You’ve stumbled upon the athletic training job of your dreams, and the icing on the cake? They’re actively seeking an athletic trainer just like you.
Having ticked all the boxes in the application process—researching, refining your resume, crafting an impressive cover letter, and even extending a friendly LinkedIn request to the department head—you’re now searching for that extra edge to rise above the competition. Here’s a game-changer for you: consider obtaining a letter of recommendation.
Now, you might be wondering if it’s common for employers to request these letters. Truthfully, explicit requests for such documents are rare. Outside of junior roles or senior positions where character holds equal importance to skills, you’re more likely to be asked for references.
Should you bother securing these letters even if they’re not explicitly requested? Absolutely. While employers may not demand them, having a letter of recommendation can set you apart in the competitive job market. These letters offer hiring managers insights into your skills, especially when direct contact with former supervisors or athletic training program faculty isn’t possible. Beyond showcasing your qualifications for the role, these letters can be a confidence booster. On days when self-doubt creeps in, having a tangible reminder of your value can be incredibly reassuring.
Now, how do you go about requesting a letter of recommendation without breaking into a nervous sweat? Start by carefully choosing who to ask. We advise against burdening any one person with multiple requests and suggest that you consider individuals beyond your references. Also, ensure that those you approach have genuine knowledge of your work rather than opting for a high-ranking individual who might offer a generic recommendation. When making the ask, a little flattery can go a long way. Begin by expressing your appreciation for working with them and the value you place on their opinion.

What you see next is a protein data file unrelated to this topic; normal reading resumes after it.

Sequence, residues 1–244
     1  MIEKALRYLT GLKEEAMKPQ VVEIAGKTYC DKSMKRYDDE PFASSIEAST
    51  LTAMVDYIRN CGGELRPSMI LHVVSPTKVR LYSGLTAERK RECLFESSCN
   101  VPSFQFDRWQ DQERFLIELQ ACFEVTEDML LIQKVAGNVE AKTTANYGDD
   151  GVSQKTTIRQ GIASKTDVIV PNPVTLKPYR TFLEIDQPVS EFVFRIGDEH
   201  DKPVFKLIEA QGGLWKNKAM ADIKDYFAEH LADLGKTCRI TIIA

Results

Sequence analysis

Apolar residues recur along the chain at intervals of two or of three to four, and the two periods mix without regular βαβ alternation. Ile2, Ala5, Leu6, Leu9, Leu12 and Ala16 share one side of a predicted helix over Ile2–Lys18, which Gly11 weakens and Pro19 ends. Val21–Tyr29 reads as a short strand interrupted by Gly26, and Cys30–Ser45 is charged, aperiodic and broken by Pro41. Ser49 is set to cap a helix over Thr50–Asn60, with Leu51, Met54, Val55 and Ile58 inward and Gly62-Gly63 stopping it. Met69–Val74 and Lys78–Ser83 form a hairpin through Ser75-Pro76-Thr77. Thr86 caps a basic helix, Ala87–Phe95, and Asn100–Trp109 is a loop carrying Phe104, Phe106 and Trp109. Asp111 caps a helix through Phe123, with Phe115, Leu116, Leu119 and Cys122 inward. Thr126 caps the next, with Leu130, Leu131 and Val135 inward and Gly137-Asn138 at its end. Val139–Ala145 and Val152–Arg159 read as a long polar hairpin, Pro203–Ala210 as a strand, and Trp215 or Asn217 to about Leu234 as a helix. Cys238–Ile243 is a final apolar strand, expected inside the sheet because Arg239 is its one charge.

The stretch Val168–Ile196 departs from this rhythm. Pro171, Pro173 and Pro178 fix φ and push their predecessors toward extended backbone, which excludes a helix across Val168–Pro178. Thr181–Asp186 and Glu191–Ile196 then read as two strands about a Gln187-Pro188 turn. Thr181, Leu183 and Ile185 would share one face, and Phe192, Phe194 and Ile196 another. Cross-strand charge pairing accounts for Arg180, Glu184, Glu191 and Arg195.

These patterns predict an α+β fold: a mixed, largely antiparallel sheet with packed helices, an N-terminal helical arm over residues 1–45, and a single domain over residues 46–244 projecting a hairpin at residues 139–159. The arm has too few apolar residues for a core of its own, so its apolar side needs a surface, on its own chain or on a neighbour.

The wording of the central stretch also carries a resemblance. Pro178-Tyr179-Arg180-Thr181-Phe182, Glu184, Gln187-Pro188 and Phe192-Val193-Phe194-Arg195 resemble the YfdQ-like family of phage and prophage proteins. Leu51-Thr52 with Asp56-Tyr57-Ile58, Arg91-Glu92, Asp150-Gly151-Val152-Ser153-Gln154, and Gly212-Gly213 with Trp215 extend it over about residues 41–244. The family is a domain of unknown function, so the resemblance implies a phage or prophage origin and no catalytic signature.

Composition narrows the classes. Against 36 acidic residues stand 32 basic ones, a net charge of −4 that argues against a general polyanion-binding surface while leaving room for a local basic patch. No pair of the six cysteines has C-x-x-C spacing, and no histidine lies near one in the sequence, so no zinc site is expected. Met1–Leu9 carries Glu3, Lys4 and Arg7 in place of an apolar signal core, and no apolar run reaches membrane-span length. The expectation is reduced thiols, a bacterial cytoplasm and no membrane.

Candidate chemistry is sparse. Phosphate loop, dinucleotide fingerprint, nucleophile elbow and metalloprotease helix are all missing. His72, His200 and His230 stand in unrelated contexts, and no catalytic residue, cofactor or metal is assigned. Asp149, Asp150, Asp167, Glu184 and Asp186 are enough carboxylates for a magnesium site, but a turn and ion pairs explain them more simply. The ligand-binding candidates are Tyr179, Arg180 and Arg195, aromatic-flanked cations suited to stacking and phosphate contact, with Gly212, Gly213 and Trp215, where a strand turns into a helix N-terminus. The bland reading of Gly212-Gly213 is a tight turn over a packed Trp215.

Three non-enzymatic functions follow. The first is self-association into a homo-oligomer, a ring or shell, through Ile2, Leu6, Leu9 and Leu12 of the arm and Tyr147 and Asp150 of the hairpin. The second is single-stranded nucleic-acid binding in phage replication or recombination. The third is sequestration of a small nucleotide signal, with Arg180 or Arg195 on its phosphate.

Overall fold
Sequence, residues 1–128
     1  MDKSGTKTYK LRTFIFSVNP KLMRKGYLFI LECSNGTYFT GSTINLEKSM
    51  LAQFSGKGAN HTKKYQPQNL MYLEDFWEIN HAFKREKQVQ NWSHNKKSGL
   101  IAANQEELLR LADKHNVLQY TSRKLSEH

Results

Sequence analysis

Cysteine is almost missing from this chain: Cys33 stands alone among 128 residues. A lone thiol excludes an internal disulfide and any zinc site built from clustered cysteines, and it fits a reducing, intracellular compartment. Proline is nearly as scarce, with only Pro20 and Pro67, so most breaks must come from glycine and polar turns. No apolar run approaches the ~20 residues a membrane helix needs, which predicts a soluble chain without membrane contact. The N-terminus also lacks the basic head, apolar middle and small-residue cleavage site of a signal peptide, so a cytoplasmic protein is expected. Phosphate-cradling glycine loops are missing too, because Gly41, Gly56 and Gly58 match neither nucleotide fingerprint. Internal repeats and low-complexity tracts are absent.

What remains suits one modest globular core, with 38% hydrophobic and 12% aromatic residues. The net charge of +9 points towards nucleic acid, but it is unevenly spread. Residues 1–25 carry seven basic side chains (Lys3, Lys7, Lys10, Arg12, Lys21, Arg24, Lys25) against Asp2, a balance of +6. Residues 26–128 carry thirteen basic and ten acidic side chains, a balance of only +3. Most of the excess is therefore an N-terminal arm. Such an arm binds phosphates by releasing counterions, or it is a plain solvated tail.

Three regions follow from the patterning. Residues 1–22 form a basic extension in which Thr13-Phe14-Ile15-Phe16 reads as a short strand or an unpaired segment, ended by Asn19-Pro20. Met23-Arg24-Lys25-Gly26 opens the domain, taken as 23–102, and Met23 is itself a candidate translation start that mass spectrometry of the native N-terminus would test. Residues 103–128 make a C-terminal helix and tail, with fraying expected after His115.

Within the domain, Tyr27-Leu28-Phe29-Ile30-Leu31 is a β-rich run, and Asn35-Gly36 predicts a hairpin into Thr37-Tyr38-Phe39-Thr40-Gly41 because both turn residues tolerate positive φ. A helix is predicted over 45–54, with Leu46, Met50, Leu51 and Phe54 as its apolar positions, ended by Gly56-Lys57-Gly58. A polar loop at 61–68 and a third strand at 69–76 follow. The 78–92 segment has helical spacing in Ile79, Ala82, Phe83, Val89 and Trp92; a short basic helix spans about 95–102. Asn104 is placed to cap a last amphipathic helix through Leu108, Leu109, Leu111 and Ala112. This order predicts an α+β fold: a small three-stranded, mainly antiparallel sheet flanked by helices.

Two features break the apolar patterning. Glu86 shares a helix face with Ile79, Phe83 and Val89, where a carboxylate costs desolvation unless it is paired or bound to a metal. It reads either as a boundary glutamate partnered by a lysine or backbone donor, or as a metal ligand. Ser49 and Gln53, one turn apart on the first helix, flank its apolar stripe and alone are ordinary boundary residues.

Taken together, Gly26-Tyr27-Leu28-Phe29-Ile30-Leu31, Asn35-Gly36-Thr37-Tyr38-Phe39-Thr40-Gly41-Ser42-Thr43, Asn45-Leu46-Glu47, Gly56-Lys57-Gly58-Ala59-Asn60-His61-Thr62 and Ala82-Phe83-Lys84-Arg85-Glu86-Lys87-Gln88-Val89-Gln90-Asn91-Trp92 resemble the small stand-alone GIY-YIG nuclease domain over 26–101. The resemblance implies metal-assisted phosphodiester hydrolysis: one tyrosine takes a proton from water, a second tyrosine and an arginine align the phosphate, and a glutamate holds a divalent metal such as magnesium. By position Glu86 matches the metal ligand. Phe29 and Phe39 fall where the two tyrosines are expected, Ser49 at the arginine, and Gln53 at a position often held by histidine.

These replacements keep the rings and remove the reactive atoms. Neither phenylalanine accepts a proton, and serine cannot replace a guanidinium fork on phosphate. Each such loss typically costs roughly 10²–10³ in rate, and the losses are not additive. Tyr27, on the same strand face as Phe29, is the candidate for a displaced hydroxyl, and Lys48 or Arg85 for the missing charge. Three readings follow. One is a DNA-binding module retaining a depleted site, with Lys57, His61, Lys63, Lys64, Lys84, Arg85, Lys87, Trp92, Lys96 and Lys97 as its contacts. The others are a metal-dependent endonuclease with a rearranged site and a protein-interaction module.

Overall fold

To make the process painless for your recommender, provide them with the necessary information. Be clear about what you want them to highlight, whether it’s your work ethic, impact on a team, or specific skills relevant to your targeted roles. And don’t forget about timelines. Since you’re requesting a favor, be realistic with your expectations. Giving your contacts at least a week (preferably more) to draft and return the letter is a smart move.
Ready to put these tips into action? Let’s consolidate them into a user-friendly template:
I hope you’re having a great week!
I’m reaching out because I’m in the process of applying for a [type of role] with a [type of company], and I’m gathering letters of recommendation to highlight why I’m a perfect fit for this role.
I really enjoyed our time working together at [Company/School]. With that in mind, I thought you’d be a great person to vouch for my expertise in [key skill area] and my ability to [impressive result].
I understand you have a busy schedule. If it would make things easier, I’d be more than happy to provide additional talking points and information to streamline the letter-writing process.
Would you feel comfortable writing this letter for me? Feel free to send me any questions you might have. Let’s plan a coffee catch-up soon—my treat!
Letters of recommendation might not be a staple requirement in job searches as resumes or cover letters, but that doesn’t negate their potential impact. If the prospect of requesting these letters feels a tad uncomfortable, don’t let it hold you back. Take a deep breath, use the insights and template provided here, and go ahead—send that email. Equipped with one or two compelling letters, you’ll have a powerful tool at your disposal to demonstrate to employers that you’re the standout athletic training candidate they’ve been seeking.